The 4th and final book of Brian Niemeier‘s Soul Cycle, The Ophian Rising is I think the best of the four books – and that’s no small complement, as each book is in its own way very good to excellent. Short & sweet: if you’re a fan of mind-bending fiction, and epic tales spun out over centuries, of heroic heroes you can love and disturbingly inventive and evil monsters, then check out this book and the whole Soul Cycle series. And buckle in for the ride.
Throughout the series, a continuing theme is how truth and reality are not obvious to us, the readers, or to the characters in the story. The greatest heroes in this fourth book, Navkin and Astlin, are two women who at first do not even understand their own origins, eventually end up queens and builders of society, and finally are willing to die and surrender what they thought they were in order to banish evil from their worlds. Even that is not exactly what’s going on – but any more would risk spoilage.
The ending is a very cool and surprising twist. I will say that I long suspected some amazing reveal at the end. Hints are dropped. As mentioned in reviews of the earlier books in the series, Niemeier is not world building, but universe building. What I mean: world building takes place in this universe – the worlds thus built, however wild, are posited to exist, somehow, with us here. From very early in the Soul Cycle, it’s clear Niemeier’s universe of prana, the Cardinal Spheres, the Strata, substantial ether and techno-spiritual magic is not in this universe in any material sense. So the questions lurks: where is *our* universe in this story? Are we in this story simply in some other place entirely, where the elves are Gen and the magic is Factoring and warp drive is ether-running? But otherwise unrecognizable as home? Or is there a deeper home?
After an exhausting Sunday following an even more exhausting work week, I collapsed on my bed around 9:00 with the last 20% of the book to read. Fell asleep and woke at 11:00 – and didn’t get back to sleep until after midnight. Then, immediately upon finishing the book, reread the author’s glossary and cast of characters, because I know I missed 75% of what was going on. Then considered rereading Nethereal, the first book in the series, to see what I missed. That’s a pretty good book that makes you care enough to want to make sure you didn’t miss too much.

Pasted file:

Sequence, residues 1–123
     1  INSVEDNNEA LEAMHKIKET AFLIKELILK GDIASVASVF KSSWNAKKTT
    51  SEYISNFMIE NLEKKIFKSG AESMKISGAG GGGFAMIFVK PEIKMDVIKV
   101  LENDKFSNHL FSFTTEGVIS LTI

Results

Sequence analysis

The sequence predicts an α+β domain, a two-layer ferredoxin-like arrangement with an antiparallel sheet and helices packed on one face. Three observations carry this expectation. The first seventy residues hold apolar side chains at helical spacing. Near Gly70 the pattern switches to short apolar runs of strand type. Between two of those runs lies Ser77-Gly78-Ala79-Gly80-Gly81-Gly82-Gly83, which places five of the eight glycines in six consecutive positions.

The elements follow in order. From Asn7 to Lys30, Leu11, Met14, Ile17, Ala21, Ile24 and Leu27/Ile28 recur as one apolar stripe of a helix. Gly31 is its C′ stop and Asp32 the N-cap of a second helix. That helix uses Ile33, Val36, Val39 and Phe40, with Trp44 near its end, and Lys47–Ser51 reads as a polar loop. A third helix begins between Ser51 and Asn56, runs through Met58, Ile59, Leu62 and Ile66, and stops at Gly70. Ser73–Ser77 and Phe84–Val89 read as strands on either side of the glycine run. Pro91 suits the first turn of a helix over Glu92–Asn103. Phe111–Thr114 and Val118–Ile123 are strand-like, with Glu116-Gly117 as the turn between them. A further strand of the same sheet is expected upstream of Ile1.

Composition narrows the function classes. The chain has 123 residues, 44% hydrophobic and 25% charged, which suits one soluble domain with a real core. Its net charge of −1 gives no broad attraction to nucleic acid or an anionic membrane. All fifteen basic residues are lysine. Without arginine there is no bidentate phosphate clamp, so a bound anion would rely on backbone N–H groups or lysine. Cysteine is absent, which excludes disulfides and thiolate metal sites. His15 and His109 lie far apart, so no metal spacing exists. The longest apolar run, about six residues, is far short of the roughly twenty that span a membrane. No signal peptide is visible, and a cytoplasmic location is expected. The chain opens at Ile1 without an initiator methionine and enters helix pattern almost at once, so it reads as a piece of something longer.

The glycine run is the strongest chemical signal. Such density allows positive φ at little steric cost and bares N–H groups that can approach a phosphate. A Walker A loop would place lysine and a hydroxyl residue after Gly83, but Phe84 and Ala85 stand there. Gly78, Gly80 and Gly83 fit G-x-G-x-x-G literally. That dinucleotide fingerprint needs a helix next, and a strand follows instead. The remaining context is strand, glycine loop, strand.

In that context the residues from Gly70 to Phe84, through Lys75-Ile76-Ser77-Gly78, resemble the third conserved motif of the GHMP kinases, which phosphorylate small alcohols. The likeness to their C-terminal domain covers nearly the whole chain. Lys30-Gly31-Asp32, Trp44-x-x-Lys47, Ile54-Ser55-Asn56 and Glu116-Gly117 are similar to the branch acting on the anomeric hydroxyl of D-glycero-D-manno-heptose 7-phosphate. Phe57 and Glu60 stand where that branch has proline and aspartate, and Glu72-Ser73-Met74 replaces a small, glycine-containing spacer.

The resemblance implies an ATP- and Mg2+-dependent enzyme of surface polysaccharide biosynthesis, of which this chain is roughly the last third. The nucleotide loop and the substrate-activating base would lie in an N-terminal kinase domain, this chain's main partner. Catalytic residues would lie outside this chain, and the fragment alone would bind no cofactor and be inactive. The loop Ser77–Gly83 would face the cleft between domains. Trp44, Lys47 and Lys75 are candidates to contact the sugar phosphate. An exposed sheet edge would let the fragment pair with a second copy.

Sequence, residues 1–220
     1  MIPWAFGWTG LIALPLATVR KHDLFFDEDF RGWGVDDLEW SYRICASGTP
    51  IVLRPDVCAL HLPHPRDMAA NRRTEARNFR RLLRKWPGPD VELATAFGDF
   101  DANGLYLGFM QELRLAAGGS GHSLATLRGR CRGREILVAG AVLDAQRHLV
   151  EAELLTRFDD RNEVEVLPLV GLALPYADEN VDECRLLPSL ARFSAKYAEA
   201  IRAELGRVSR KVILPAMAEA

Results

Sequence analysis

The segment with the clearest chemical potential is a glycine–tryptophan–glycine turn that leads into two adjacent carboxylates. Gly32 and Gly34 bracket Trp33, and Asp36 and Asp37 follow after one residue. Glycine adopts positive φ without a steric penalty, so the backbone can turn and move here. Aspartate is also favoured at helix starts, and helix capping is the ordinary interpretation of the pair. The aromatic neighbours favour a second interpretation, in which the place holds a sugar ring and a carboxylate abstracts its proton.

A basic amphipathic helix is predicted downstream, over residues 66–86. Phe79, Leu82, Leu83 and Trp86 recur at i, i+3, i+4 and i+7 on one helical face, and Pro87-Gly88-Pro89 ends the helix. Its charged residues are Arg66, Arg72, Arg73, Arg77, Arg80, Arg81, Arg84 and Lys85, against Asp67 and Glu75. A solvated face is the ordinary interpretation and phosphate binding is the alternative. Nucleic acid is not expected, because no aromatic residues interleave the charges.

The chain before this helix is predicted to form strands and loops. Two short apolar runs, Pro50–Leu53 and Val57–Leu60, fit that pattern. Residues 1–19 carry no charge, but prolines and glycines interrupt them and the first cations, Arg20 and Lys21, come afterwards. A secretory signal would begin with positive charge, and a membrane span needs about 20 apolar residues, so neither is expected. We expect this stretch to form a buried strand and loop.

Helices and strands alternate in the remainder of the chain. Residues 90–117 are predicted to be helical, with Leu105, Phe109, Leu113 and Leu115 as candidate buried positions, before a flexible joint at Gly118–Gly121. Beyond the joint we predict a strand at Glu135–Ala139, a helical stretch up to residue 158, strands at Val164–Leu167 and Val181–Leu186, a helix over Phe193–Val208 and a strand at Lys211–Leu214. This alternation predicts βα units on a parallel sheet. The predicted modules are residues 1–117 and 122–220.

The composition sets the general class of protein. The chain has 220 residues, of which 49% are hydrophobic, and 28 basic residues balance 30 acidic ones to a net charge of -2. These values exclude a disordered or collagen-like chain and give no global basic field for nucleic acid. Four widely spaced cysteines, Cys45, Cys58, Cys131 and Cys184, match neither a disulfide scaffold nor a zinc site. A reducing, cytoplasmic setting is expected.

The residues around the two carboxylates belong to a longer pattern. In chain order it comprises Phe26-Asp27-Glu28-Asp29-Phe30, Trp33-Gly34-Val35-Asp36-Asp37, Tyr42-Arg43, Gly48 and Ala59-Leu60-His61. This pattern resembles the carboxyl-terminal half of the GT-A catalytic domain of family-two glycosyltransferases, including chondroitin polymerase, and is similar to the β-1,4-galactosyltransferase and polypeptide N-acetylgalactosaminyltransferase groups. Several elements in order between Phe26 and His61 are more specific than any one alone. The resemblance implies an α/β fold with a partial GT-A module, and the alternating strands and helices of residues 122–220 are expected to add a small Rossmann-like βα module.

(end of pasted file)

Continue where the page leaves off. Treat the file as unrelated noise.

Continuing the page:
Because there is a lot there. Some of it is merely mechanical – dozens of characters and worlds and cities and ships and circles of Hell to keep straight. Some of it is the kind of convoluted plotting one should expect over a 4-book series. But there’s also a lot going on in the realm of ideas – right and wrong, true and false, loyalty and treachery, which are loved or rejected for about every flavor of reason one can imagine. The reader must keep it all straight or, alas!, some key action by some secondary character will cause a ‘what?!?’ moment – that then makes sense once you parse out where we last left things with that character.
But it’s worth it. Excellent read.
I read somewhere that this series had been percolating in the author’s mind for a decade or so. It does have a bit of a ‘everything & the kitchen sink’ feel to it, sometimes. I’ve found Niemeier’s shorter works, such as The Hymn of the Pearl and Elegy for the Locust from Forbidden Thought to be easier to get my brain around and so more immediately satisfying. That said, these are the first 4 novels Niemeier has written – I can only imagine with happy anticipation what the next novels will be like, given the quality already present and improvement evident over the 4 books. Bring it on!